I seem to remember that it was a truism of American politics that when a President from another party took office he—well, it has always been a he—could dismiss several of the top layers of the bureaucracy and fill these positions with his own preferred people. Again as I recall it, Reagan notoriously pushed the cuts and replacements down to deeper layers of the bureaucracy than had become customary in recent times. And in Britain, I think, Thatcher outdid Reagan by pretty much trashing the supposedly merit based bureaucracy—or as we used to call it, the permanent government—by both privatising large segments of the Civil Service and putting cronies from the business world into positions previously held by top level career civil servants. Since Blair built on Thatcher’s innovations rather than undoing them, I’m pretty sure the British Civil Service isn’t what it used to be—“Yes, Minister” is now very out of date.

The Soviet system tried to deal with the problem posed by a not-necessarily-compliant civil service by setting up a parallel party bureaucracy to try to ensure compliance at every level. And I think it was the case that Mao’s concern was with a similar party bureaucracy which, as you suggest, eventually too underwent the routinization of charisma.

Returning to the American case, isn’t it so that Trump has simply come up with the strategy of leaving the upper ranks of the government bureaucracies unfilled? And doesn’t one then have to ask whether the lower ranks still in place now lack the coordinating, directing superiors they relied upon so that they can no longer be relied upon to pursue any coherent response to the policies and actions of the Executive?

In short, maybe you’re being too optimistic about just how much the “deep state” may hinder in the present conjuncture? Perhaps on the bright side, if I’m right, whoever/whatever replaces the present President will encounter less bureaucratic resistance than usual.

Robert Paul Wolff said...

My general response is that I was trying very briefly to summarize a subject to which Weber alone devotes hundreds of pages. Perhaps someone would be interested in my observations of a quite particular case -- the resistance from entrenched faculty to attempted innovations by a succession of relatively short-lived university chancellors. I was not being optimistic. I was simply trying to deepen and complicate the discourse about the Deep State.

Todd Gitlin said...

Little-klown observation by C. Wright Mills in The Power Elite: an independent civil service is necessary for a liberal democracy.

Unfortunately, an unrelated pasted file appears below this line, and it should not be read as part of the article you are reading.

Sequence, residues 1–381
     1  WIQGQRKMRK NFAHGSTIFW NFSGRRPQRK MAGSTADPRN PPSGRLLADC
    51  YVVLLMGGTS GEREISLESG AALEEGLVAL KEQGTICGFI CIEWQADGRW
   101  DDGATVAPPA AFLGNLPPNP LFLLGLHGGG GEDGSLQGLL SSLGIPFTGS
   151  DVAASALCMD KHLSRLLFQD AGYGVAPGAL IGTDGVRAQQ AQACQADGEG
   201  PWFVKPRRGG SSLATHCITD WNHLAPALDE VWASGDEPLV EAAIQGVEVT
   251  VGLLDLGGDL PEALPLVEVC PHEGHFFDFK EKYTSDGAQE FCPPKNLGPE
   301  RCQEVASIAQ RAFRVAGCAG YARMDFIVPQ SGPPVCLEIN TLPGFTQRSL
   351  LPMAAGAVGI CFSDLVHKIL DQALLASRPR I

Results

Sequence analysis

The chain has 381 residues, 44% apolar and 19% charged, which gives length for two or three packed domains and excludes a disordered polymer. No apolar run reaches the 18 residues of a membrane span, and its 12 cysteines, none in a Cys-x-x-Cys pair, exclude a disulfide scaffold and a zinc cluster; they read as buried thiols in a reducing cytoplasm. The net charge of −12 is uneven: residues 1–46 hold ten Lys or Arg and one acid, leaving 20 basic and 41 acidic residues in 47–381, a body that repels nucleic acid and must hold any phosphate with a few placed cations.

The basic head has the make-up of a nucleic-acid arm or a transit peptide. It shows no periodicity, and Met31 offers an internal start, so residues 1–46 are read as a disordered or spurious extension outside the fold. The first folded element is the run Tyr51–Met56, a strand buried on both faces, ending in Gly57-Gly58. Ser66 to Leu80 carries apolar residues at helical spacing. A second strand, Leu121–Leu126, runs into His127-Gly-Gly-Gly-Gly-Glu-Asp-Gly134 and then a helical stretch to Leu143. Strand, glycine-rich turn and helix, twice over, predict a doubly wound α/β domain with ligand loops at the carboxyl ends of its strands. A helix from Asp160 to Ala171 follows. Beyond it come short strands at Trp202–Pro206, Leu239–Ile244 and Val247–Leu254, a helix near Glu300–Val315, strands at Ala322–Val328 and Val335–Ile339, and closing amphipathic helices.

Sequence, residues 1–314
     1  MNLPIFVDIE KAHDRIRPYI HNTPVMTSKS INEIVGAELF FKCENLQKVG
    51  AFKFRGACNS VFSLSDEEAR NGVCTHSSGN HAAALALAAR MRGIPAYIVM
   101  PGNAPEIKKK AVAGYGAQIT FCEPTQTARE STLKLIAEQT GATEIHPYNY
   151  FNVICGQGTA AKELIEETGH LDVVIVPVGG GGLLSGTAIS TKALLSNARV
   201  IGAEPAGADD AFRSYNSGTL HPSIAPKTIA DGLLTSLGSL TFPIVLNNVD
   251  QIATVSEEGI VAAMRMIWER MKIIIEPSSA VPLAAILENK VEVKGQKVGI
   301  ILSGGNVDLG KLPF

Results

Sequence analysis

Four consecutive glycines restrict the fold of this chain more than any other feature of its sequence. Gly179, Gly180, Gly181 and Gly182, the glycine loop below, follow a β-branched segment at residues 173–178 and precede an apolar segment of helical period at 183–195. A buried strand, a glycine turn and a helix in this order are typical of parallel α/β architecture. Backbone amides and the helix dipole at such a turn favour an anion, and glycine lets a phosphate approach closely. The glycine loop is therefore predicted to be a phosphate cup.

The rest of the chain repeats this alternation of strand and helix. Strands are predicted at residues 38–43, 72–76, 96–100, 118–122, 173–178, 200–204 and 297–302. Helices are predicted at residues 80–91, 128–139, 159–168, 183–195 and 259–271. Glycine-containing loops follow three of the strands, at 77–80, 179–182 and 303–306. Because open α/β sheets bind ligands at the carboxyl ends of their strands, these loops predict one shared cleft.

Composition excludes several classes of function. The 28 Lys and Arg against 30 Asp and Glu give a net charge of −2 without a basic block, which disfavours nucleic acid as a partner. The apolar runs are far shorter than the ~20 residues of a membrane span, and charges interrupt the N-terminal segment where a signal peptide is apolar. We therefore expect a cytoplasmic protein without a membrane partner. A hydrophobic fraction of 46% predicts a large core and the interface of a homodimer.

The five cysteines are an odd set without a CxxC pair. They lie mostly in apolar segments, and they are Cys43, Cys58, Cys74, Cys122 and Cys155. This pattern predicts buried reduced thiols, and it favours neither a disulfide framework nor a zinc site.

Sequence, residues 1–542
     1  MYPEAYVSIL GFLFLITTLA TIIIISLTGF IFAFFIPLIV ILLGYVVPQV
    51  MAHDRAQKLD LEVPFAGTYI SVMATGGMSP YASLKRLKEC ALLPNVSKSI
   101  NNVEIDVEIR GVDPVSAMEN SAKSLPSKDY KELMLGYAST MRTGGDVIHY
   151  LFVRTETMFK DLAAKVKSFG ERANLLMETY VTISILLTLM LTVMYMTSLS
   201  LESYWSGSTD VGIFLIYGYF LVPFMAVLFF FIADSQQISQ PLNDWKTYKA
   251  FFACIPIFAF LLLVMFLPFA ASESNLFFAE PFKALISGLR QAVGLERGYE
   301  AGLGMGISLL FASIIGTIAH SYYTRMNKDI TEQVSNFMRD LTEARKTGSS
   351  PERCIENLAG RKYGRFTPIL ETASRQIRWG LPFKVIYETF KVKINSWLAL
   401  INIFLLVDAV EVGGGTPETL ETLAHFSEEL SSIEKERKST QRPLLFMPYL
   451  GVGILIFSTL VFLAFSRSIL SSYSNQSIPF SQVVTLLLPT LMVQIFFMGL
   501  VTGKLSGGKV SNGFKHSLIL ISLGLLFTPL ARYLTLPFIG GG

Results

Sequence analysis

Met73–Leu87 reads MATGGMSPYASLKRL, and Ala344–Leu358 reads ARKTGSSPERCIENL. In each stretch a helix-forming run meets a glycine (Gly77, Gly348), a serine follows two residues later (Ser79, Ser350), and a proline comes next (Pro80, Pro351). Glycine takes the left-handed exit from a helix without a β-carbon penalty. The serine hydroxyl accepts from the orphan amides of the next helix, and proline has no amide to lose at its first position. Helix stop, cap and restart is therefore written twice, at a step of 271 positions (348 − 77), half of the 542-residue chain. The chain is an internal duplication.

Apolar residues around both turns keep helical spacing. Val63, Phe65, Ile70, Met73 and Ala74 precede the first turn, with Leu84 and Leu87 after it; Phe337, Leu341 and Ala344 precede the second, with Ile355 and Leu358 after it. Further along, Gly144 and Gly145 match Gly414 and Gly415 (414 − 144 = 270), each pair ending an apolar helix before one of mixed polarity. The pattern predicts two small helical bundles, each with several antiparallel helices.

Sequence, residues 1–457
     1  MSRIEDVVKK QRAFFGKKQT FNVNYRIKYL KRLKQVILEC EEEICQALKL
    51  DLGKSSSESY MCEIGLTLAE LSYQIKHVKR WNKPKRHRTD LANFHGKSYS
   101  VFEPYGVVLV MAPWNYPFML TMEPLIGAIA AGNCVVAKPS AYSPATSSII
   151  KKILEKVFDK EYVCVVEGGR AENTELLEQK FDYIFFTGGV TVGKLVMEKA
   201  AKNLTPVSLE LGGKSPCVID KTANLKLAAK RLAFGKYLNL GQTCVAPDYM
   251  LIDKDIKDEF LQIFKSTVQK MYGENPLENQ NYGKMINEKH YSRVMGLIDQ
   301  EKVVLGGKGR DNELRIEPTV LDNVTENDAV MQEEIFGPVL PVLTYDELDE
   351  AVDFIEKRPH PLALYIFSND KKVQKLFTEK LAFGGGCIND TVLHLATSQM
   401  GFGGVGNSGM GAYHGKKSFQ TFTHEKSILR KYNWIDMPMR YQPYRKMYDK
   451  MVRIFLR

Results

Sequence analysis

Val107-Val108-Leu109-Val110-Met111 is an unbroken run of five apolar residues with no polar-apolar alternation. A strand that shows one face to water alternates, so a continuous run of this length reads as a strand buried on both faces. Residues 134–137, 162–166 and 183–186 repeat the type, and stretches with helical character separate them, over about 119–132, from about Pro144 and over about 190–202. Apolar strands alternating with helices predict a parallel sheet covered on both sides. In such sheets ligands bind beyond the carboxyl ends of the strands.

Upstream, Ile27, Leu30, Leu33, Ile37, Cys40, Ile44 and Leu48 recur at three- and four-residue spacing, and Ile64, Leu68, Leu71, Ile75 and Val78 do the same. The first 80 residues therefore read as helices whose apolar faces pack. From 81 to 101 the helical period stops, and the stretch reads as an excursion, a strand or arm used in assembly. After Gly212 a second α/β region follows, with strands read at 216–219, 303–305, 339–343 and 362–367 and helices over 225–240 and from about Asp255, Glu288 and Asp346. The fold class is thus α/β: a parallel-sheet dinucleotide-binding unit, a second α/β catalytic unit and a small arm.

Btw, earliest use I know of term "Deep State" is in Turkey, where it referred to a military Kemalist underground, as it were, that was steadfastly opposed to democracy. Now, I think, it's been demolished by Erdogan.

howard b said...

So Professor Gitlin, Trump by assailing the deep state is taking aim at the bureacracy
My understanding is that the Kemalists and the state were not the same- just that the Kemalists guaranteed the secular nature of the state- Trump unlike Erdogan is purely destructive, somewhat erratic, has no ideology and has more than half the country against him- the situation on the ground is different, isn't it? Does that bode well?

David Palmeter said...

Former CIA and NSA director Michael Haydon in response to a question as to whether there is a deep state:

"Not in the United States. I understand the term, I’ve seen it elsewhere, Turkey comes to mind. Pakistan comes to mind. There is not a Deep State. And look, I get it, I’ve tried to change federal bureaucracies. It’s really hard to do. There’s opposition, all right? But that’s the human condition, not secret anti-democratic forces plotting against the will of the people.

"That which some in the administration call the Deep State? I refer to as career professionals doing their best under the rule of law."

That's the way I see it: when a bureaucracy is run by politicians with whom I disagree, "deep state" is an accurate term; when it is run by politicians with whom I agree, it is a collection of "professionals doing their best under the rule of law."

I've recently come around to seeing the FBI in the latter sense, rather than the former.

Anonymous said...

Yes Turkey deserves a mention and from what I hear, they have the most complex of vocabulary to describe these shades of depth in intrigue. Also palace intrigues (in Japan and England, for example) are sometimes described as entrenched bureaucracies.

s. wallerstein said...

I don't know if theories about how bureaucracies "normally" function will help us here.

Trump is really repugnant. I can think of few political figures as viscerally repugnant as Trump is. Others may be as rightwing as he is and even as corrupt as he is, but for anyone with a normal aesthetic sense and a normal sense of good taste Trump is repugnant.

Now from my varied experiences dealing with bureaucrats in several countries, they are normal, all too normal, but in this case, the very fact of their normalness might well lead them, independent of their political ideologies, to undermine Trump.

I'm no fan of the FBI, but in general, they may well be generally conservative people (I doubt that there are many Marxist-Leninists there nor radical feminists) who are completely and totally turned off by Trump, who although he may claim to be "conservative", has nothing conservative about him. I take being "conservative" with having to do with the defense of and promotion of traditional values.